Next, Margaret Ball has returned from her decade-long hiatus in writing.  Her new novel is titled 'Insurgents', and is the first book in her new Harmony series.




The blurb reads:

Can one man make both love and war – at the same time?

Harmony, one of the first settlements from Earth’s Age of Expansion, has a totalitarian government which uses the bleak continent of Esilia as a dumping ground for political dissidents. Now they’re surprised that the dissidents want to secede.

Gabrel is totally devoted to his colony’s battle for freedom. Isovel, daughter of the enemy’s invading general, knows exactly why Harmony should continue to rule the exiles. When she is taken hostage by his guerrilla group, he has to draw a line between his personal inclinations and his duty to the insurgency, while Isovel has to remember her duty to escape. There can be no future for two people on opposing sides of this war – so Gabrel will just have to win the war. And the peace.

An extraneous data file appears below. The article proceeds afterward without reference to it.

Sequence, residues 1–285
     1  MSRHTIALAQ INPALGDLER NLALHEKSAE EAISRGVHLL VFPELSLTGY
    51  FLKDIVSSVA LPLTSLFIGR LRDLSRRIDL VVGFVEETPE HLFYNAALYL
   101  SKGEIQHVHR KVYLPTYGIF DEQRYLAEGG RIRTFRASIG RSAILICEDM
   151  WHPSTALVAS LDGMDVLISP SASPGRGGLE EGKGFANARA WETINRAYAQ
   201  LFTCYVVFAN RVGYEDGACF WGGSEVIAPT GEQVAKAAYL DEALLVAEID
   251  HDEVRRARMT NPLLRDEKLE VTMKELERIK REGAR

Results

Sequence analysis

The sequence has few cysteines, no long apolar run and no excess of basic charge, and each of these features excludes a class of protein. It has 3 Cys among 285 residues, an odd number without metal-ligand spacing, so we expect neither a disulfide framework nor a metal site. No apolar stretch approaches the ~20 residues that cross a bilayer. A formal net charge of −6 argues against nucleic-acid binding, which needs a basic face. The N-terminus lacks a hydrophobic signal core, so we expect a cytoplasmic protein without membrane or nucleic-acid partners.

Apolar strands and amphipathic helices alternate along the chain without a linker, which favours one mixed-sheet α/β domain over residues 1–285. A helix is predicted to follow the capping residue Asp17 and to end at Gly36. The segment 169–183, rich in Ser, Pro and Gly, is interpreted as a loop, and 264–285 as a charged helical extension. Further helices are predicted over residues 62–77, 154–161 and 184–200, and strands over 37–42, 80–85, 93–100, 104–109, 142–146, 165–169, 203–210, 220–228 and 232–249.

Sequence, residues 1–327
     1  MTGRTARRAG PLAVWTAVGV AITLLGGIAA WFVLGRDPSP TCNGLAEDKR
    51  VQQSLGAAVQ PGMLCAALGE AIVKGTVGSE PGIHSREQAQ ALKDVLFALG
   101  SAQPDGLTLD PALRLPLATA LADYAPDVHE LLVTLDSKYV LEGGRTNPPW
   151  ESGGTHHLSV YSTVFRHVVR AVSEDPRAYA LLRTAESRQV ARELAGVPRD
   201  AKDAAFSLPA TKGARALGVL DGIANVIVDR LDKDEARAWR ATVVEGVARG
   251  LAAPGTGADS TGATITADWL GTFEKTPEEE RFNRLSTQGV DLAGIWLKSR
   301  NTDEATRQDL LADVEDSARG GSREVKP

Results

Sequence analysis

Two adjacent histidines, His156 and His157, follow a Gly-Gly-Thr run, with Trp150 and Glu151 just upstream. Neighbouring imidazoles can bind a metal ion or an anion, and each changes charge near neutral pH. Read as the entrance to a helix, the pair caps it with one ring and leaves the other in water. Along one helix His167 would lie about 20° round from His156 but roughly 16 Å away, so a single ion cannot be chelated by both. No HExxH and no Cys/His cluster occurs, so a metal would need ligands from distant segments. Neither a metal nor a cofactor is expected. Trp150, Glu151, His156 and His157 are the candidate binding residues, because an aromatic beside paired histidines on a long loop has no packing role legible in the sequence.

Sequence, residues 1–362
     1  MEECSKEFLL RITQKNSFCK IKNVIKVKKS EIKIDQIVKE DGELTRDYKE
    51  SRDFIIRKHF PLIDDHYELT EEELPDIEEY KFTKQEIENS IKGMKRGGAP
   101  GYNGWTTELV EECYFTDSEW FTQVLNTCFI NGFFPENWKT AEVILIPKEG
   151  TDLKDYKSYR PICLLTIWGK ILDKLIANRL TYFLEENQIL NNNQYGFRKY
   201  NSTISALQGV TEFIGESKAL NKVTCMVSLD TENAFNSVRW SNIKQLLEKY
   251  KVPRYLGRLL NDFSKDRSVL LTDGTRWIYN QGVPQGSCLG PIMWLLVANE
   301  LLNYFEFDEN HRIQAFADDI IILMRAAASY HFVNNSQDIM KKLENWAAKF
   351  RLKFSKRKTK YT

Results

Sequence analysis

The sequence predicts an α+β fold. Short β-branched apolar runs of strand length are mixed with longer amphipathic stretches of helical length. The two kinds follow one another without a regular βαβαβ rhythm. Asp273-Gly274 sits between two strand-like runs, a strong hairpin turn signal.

Margaret's been previously published by Baen Books, and has a well-established writing pedigree.  I think this is her first independently published book.

Last but not least for this week, Dragon Award-winning author John C. Wright has just released the sixth book in his amazing 'Moth & Cobweb' series.  I love the first three books in the series, and I'm planning on reading the next three as soon as I can find the time.  (Isn't it odd that writers are so busy writing that they usually have less time to read than their readers do?  Seems like a contradiction in terms, doesn't it?)